Africa: Conference on land grabbing

Maryknoll Office for Global Concerns

Just prior to the arrival of Pope Francis for his first pastoral visit to Kenya, a network of Catholic justice and peace organizations met in Limura, Kenya, for a major conference on land grabbing and just governance in Africa. The following article was published in the January-February 2016 issue of NewsNotes.

Land grabbing is most often described as the acquisition of large areas of land by international firms, governments, or individuals. Land grabs have increased since 2008, when the worldwide spike in food prices prompted investors to look more toward the Global South, particularly Africa, for land to produce food and bio fuel for export. This is a growing concern in Africa. Pope Francis referenced land, along with labor and lodging, in a speech he gave in Nairobi in November.

Pope Francis’ speech coincided with an important Catholic Church-sponsored conference on land grabbing that took place in Limuru, Kenya. Five Catholic advocacy organizations – Africa Faith and Justice Network (AFJN), Africa Europe Faith Justice Network (AEFJN), Symposium of Episcopal Conferences of Africa and Madagascar (SECAM), Association of Member Episcopal Conferences in Eastern Africa (AMECEA) and Catholic International Cooperation for Development and Solidarity (CIDSE) – brought more than 150 representatives from 40 countries, including people directly involved in land grabbing struggles. Below is a preliminary report on the conference prepared by AFJN, the main inspiration for this meeting.

“A new scramble for Africa akin to the frenzy that followed the Berlin conference of 1885 and the partitioning and colonization of Africa is on; farmlands and minerals are the biggest attraction. The increasing discourse of land scarcity, the rising cost of food and the growing demand for bio fuel and mineral resources have enticed multinational corporations to engage in shady land deals in developing countries. The finance industry now turns to farmlands for high returns on their investments. There seems to be a systematic takeover of natural resources from developing countries as part of global restructuring to ensure continuous supply of goods and raw materials needed in the developed countries.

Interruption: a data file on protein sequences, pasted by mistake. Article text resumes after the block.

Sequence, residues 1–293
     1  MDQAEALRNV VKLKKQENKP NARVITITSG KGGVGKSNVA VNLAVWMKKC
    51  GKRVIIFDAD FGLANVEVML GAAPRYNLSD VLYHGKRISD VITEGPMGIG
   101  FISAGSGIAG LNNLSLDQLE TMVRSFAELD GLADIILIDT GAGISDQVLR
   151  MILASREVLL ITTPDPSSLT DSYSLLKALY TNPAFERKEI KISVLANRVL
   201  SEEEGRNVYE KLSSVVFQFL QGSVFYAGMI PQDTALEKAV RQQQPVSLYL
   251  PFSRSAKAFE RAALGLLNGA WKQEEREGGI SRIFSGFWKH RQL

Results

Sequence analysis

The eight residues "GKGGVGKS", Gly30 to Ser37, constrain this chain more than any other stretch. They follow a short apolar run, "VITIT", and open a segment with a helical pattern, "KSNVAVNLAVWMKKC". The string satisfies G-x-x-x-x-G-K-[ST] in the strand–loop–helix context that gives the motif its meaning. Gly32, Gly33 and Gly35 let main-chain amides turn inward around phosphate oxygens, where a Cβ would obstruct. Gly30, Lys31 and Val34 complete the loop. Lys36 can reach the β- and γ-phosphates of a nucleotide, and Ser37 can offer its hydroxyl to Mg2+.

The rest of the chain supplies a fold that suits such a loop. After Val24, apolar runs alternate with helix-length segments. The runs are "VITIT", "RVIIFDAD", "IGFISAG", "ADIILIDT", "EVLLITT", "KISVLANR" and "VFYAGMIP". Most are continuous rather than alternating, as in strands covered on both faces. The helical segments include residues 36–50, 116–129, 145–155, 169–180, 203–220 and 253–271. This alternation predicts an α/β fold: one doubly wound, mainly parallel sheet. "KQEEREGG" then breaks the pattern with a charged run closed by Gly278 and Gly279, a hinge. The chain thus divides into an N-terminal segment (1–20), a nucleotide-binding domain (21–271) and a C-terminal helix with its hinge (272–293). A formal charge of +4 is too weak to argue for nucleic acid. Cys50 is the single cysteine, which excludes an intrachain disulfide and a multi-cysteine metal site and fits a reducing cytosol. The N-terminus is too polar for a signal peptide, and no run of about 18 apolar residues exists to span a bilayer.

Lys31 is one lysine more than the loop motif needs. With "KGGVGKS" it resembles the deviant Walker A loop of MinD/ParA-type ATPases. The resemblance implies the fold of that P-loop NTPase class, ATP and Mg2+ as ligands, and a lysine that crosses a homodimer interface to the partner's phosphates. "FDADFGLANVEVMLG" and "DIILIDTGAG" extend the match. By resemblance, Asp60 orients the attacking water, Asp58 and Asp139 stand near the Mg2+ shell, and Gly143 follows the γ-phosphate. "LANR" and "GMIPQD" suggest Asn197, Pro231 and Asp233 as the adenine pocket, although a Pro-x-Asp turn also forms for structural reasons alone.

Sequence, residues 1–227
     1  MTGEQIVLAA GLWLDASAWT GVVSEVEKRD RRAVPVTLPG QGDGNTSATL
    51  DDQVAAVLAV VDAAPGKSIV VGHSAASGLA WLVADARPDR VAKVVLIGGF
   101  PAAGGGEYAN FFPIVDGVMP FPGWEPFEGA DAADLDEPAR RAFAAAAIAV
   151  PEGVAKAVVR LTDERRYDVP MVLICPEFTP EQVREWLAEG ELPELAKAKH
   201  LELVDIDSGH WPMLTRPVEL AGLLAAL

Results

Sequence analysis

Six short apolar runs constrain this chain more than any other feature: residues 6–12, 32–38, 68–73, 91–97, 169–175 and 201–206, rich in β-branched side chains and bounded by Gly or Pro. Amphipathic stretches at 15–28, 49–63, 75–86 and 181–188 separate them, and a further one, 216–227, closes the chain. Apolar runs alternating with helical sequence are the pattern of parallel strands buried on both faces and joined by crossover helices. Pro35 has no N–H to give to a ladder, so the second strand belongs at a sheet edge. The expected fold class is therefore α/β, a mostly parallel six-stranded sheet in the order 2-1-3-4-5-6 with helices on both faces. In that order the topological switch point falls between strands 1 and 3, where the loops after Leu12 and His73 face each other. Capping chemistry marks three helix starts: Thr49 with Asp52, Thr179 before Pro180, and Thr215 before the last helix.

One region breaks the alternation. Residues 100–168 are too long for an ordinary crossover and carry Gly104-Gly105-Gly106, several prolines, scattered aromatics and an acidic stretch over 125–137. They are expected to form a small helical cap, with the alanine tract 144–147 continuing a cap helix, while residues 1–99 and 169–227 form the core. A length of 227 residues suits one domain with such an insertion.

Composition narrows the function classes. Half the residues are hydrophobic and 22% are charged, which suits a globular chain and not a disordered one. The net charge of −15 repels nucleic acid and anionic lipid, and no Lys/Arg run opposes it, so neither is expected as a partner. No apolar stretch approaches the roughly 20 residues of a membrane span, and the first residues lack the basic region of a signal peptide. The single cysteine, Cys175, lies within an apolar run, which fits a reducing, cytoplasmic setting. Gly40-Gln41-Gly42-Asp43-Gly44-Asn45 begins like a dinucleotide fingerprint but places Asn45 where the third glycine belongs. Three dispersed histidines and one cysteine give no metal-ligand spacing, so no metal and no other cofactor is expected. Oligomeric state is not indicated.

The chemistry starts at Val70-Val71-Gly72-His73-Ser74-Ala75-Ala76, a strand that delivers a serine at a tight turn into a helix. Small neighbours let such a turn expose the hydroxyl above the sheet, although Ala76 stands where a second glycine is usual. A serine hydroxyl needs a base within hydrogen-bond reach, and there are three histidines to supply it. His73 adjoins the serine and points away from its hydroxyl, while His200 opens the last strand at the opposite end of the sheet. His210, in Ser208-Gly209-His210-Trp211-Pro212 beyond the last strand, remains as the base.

“We are witnessing the biggest land grab in modern history. A report by The Guardian and data from Land Matrix, Global Land Project, Oakland Institute, GRAIN, and several other sources paint a grim picture of tens of millions of hectares of land grabbed from the developing countries for pennies through shady deals. As of June 2012 about 227 million of hectares (876,000 square miles) of land – the equivalent land area of California, Oregon, Washington, and the eastern U.S. states stretching from Maine to Florida, plus Wisconsin, Illinois, West Virginia and the District of Columbia – have been grabbed from developing countries through shady deals that dispossess the people of their land, their livelihood and their identity and drive them further into poverty.

“According to a 2011 publication by NuWire Investor, one hectare (2.47 acres) of land costs $32,000 in the U.S.; whereas foreign investors grab it for less than the price of Starbucks coffee in Africa. The deals are sealed for 39-99 years between investors and African political leaders who discard the wisdom of their ancestors: We who are alive now do not inherit the land from our ancestors; we borrow it from our children and mortgage the resources of future generations for a bowl of soup. Investors and their collaborators act with impunity; they violate the rights of the local people and relocate them to reservations, threaten their livelihoods and that of future generations. Some interfere with water supply sources and destroy the ecological system. Sound familiar?

“Like the purported reasons paraded by the chieftains of the 19th century scramble for Africa (commerce, liberation and civilization), the chieftains of the new scramble peddle enticing noble reasons for dispossessing African people of their land: increasing food production, creating jobs and improving their standards of living. They, in their infinite wisdom, know what is good for Africa and their magnanimity in designing a better life for the African people knows no bounds. But history has repeatedly revealed the hidden agenda behind these claims.

“Recall the scramble for Africa following the Berlin conference of 1985, Australia and the Aborigines, and South Africa under apartheid. This is a déjà vu. This time it is more intense, with more exploiter-participants and achieved through devious legal contracts. Is this designing a better life for Africa or a design to ensure Africa’s continuous assistance to the developed world?”